The latest news about ''Moulin Rouge''
”Moulin Rouge” can-canned its way back into theaters Nov. 21 with hopes that it will generate some Oscar buzz for stars Nicole Kidman and Ewan McGregor, as well as director Baz Luhrmann. Well, 20th Century Fox’s plan seems to be working: Last week, the movie was named Best Film of the Year by the National Board of Review (the Oscar season’s equivalent of the New Hampshire primary). EW.com caught up with Luhrmann to find out what he thinks of the Oscars, what goodies await fans on his soon-to-be-released ”Moulin Rouge” DVD set (in stores Jan. 18), and why — contrary to rumors — he’s not James Bond-bound.
Was it always part of your plan to rerelease ”Moulin Rouge”?
When we were going out with the film this summer, we knew what a tremendous risk it was to release this kind of movie at that particular time. Having said that, the movie did well enough to pay the bills, so we had no intention of going out with it again. But when it turned out to be a hit in Europe and was at the top of the charts in London for six weeks, the studio started saying we should rerelease it. I think audiences have been able to generate word of mouth for long enough for that to have gone around and fed back into itself.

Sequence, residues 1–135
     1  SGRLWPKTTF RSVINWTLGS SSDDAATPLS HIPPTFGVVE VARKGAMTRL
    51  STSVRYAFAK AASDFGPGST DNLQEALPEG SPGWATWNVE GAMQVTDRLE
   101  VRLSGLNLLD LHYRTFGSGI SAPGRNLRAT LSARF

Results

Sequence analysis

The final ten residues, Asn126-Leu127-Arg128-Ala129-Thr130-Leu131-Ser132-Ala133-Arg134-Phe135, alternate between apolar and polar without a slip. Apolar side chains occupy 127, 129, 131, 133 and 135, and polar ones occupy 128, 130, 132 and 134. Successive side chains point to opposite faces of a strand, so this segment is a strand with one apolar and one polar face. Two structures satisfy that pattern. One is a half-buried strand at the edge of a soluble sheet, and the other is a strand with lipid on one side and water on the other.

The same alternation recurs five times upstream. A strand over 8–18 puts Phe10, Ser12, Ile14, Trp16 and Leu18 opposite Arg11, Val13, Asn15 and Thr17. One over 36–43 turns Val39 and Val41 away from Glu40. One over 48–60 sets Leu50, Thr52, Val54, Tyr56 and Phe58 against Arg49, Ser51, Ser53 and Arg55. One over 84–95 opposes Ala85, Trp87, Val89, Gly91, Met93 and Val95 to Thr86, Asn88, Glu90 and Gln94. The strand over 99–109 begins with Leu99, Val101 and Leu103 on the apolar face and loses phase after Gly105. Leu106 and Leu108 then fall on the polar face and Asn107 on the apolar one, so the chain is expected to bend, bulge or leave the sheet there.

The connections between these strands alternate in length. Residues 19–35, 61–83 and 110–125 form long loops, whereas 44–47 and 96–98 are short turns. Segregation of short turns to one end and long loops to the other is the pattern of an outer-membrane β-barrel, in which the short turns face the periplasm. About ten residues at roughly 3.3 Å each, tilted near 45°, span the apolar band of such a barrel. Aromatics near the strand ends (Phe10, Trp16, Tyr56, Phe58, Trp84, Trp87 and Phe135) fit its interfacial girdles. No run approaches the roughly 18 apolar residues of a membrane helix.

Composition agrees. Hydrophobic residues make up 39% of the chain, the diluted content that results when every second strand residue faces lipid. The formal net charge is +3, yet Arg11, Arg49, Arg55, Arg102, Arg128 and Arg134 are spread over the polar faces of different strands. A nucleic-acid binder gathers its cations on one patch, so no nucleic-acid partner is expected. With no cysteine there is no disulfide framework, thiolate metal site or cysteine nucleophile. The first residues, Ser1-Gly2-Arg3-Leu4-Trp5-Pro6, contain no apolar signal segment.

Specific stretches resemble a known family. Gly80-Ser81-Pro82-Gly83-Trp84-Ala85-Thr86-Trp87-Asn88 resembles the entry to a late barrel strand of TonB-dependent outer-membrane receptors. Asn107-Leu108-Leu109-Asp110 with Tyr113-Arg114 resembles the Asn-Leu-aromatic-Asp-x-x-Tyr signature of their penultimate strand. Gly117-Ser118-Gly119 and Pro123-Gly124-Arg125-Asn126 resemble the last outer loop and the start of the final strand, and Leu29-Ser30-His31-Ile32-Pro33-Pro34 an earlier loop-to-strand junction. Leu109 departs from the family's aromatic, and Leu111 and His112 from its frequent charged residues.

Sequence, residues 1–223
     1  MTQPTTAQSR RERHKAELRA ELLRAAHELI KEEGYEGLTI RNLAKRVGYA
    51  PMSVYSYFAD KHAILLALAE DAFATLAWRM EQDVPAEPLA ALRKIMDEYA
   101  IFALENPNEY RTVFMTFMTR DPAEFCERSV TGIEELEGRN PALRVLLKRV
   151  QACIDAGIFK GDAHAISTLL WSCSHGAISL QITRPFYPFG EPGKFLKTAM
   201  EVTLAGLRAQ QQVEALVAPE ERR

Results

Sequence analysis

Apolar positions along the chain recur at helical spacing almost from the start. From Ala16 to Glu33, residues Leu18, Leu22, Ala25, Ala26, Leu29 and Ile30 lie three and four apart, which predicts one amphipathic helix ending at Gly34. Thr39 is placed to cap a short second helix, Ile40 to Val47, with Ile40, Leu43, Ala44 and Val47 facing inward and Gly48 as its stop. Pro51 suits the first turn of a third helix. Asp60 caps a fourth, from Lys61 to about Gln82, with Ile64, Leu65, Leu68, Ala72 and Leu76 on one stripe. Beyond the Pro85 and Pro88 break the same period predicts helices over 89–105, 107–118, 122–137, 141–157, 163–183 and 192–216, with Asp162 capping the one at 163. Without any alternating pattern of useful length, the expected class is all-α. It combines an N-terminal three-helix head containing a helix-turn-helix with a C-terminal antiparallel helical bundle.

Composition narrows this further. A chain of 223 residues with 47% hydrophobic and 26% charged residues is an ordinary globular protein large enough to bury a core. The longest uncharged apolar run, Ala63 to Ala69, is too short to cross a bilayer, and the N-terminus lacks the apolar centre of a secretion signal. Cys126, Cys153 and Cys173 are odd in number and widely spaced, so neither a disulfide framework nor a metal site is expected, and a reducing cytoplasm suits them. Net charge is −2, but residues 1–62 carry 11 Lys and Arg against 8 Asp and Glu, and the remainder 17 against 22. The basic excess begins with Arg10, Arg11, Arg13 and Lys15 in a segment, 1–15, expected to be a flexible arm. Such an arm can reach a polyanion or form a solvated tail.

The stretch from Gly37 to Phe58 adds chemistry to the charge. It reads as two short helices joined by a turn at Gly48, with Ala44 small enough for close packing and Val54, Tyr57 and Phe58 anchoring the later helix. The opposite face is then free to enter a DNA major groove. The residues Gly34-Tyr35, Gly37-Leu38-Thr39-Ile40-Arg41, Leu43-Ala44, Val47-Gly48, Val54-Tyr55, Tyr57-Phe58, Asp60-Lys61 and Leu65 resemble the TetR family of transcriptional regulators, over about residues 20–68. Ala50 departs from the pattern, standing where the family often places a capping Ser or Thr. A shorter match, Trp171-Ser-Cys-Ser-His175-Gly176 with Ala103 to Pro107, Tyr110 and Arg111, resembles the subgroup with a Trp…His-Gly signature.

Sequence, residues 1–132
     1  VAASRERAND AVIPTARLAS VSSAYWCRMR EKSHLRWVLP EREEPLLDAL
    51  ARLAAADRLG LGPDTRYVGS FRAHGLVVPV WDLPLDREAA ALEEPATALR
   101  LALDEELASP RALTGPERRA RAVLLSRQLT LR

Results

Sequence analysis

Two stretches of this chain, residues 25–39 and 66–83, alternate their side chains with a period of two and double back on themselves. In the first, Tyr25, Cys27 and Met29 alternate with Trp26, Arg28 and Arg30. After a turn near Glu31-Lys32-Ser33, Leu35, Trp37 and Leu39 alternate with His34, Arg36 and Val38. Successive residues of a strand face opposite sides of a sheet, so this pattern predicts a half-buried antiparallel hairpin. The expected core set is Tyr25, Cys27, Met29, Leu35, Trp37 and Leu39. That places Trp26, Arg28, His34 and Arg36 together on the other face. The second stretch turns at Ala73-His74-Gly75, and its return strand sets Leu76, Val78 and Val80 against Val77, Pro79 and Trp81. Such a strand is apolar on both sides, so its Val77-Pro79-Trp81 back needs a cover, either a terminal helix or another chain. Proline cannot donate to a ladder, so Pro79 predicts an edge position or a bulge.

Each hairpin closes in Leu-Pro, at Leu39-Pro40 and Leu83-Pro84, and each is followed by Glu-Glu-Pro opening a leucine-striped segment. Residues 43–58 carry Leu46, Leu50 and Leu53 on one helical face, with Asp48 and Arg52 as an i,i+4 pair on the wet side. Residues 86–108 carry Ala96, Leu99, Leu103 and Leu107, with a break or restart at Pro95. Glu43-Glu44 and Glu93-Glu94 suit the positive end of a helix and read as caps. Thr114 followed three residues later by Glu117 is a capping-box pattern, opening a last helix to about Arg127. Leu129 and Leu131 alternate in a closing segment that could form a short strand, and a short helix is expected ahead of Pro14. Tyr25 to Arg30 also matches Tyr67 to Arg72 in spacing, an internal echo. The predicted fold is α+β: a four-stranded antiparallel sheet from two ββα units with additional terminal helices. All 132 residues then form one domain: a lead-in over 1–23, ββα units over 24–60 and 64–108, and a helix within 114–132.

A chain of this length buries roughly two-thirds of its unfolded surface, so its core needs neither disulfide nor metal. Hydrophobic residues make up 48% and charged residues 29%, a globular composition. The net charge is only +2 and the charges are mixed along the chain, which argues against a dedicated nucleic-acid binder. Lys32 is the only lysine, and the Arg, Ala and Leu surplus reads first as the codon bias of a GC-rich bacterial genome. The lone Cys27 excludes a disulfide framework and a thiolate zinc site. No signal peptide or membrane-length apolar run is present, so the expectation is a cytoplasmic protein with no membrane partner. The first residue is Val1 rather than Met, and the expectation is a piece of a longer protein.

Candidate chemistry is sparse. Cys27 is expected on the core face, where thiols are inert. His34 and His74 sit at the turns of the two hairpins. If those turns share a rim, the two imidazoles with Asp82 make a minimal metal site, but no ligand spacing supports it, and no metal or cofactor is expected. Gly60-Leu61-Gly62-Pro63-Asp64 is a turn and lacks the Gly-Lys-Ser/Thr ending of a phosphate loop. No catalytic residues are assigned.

Although ”Moulin Rouge” eventually broke even, it wasn’t as successful in the U.S. as was expected. What happened?
I think when it was first released in the states, there was a lot of fear about the M-word — that word being ”musical.” And in the end, the marketing campaign couldn’t convey the cinematic language we’d been dealing in. The guys at Fox have been fantastic, but how do you market a postmodern comic-tragic musical, for goodness’ sake? So all of the trailers for the movie ended up emphasizing just the tragic aspect instead of the comic aspect or the musical aspect. And in the end, what makes this movie a different experience is it’s a musical.
What do you think the movie’s Oscar chances are?
I have a very simple view about all awards and it is that, in the end, art is not a horse race, you know? ”Crouching Tiger” is not a better or worse film than ”Gladiator.” But what is good about awards is the celebration or acknowledgement of work that has either pushed the envelope or is simply very good in one way or another. And I can think of a lot of people in my company — as well as two actors — who have taken extraordinary risks and pulled them off. [Nicole and Ewan] play broad comedy, then high tragedy, then break out into song and dance and die. And I would love for them to be acknowledged by their peers.